The Egg/Meat/Leather Industries

chicken, rooster, hen

By: Ella

The egg/meat/leather industries have displayed strong growth over the past decades due to rising demand for eggs, meat, and leather products. The reality is, those industries are one of the main causes of climate change. Moreover, they are able to potentially cause more viruses and antibiotic resistance through their impact on the animals. Then, why should we be scared? And why should we move towards more ethical practices?

First of all, what are those industries?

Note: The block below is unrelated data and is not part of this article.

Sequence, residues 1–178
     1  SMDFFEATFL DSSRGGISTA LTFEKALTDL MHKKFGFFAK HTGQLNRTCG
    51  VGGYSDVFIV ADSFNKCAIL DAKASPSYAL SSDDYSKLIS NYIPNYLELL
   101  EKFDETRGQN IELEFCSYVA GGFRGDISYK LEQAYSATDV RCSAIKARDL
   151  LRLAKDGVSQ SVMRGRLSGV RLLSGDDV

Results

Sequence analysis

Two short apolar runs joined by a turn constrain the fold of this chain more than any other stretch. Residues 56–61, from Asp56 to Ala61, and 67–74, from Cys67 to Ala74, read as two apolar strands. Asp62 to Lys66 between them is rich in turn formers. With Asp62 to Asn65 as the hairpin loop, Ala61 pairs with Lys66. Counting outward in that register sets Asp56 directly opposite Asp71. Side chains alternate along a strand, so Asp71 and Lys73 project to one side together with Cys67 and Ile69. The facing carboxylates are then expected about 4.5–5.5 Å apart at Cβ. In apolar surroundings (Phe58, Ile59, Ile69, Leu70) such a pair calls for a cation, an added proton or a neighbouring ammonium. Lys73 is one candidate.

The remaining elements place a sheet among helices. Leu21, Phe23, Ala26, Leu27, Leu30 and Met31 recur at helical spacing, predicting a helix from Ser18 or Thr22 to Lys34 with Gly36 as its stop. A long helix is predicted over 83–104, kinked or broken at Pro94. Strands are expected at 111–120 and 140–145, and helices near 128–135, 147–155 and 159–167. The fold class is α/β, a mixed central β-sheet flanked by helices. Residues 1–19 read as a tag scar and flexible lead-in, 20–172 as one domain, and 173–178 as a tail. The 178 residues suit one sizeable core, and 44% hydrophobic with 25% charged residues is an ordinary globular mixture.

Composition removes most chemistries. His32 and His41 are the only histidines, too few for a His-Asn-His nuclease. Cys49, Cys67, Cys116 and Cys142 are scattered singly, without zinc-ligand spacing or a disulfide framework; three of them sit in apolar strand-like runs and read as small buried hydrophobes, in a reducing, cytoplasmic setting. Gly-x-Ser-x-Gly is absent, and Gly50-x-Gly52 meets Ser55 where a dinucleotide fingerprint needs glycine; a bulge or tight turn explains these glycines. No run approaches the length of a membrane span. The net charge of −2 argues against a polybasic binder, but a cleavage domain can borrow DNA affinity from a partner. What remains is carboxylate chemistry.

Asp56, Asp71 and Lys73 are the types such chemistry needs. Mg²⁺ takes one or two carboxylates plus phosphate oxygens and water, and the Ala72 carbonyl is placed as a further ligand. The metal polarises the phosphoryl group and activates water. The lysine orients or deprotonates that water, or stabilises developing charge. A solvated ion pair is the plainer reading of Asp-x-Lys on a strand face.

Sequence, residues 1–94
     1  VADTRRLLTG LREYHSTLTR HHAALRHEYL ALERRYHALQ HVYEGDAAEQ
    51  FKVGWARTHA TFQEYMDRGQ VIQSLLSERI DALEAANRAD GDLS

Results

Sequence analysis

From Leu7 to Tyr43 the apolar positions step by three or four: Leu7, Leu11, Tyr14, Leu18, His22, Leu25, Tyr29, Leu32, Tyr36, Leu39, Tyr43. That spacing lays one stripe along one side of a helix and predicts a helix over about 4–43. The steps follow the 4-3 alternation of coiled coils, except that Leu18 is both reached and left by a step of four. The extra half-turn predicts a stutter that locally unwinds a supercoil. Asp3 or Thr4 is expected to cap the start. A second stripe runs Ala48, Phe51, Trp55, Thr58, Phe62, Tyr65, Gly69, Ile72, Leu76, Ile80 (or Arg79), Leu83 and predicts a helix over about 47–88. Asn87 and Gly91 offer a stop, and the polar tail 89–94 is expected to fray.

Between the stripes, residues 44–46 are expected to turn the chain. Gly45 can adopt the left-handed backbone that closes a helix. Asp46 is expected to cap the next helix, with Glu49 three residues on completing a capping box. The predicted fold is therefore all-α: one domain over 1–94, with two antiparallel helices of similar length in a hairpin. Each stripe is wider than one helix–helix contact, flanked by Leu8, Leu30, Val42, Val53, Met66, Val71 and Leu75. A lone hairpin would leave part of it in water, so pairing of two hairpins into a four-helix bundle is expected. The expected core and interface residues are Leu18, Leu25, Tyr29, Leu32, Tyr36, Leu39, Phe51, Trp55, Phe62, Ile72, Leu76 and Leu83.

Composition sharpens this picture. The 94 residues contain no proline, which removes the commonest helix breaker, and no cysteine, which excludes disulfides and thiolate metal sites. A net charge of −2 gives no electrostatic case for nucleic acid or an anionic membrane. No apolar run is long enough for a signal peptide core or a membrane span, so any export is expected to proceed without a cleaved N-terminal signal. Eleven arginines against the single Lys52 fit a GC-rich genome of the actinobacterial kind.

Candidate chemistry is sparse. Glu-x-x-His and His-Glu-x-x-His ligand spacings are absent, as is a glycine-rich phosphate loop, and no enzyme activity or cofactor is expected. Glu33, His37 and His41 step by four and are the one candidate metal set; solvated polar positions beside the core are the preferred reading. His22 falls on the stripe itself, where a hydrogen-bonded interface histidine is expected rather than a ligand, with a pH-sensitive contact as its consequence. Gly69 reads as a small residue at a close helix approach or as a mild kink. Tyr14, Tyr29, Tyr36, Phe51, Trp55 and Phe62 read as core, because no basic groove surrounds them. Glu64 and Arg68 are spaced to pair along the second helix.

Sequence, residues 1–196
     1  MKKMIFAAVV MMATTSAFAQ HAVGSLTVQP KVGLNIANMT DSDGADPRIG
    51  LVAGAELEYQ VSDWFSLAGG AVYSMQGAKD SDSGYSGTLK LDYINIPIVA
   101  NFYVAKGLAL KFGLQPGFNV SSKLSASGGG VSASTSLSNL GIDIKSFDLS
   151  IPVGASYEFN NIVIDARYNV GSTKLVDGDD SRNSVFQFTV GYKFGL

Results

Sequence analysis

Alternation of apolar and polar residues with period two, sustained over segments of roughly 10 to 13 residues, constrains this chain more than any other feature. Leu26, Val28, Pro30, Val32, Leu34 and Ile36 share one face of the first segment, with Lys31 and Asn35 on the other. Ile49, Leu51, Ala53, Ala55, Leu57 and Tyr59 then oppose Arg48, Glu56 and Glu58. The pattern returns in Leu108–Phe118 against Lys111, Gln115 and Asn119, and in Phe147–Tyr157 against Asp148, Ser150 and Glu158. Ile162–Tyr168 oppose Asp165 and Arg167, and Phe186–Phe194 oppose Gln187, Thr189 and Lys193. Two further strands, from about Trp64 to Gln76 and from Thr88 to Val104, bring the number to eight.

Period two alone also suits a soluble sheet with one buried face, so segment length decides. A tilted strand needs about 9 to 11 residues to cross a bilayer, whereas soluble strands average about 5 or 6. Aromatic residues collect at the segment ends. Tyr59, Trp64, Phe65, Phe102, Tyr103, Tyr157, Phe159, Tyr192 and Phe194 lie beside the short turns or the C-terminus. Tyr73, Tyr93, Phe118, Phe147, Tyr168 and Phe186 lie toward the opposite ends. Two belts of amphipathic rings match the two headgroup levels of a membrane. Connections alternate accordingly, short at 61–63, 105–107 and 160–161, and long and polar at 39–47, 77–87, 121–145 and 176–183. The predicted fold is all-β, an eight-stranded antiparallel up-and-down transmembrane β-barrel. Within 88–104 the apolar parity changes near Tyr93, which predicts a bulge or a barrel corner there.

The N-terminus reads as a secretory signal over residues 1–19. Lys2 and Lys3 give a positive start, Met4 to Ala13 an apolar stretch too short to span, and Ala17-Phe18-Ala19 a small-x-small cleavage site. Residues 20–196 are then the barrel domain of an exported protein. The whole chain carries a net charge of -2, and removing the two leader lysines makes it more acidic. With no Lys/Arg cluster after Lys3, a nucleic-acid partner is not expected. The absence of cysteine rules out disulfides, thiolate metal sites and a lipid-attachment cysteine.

In order to harvest the maximum amount of eggs, egg farms keep millions of female birds, especially chickens, incarcerated in “battery” cages. The cages, roughly 18 inches by 24 inches for 10 hens, make a bird completely unable to lift a single wing and the wire mesh often cut into their feet. The birds are also crammed so close to each other that they are forced to urinate and defecate on one another which causes many fatal diseases. Moreover, the light and calorie reduced food are constantly manipulated to maximize egg production. Although more and more global industries tend to go organic and cage-free with automated feed and watering systems, ventilation, and lighting, a vast amount of egg farms are still intensive and the majority of hens never get to see the sun, breathe fresh air, or dust-breathe. On the other hand, male chicks who are usually worthless for the egg farms, get suffocated or thrown into high-speed grinders while they are still alive. A recent report released by the Food and Agriculture Organisation of the United Nations showed that the global egg production has increased from 61.7 metric tons in 2008 to 76.7 metric tons in 2018, and that the total volume has exceeded by over 100% since 1990.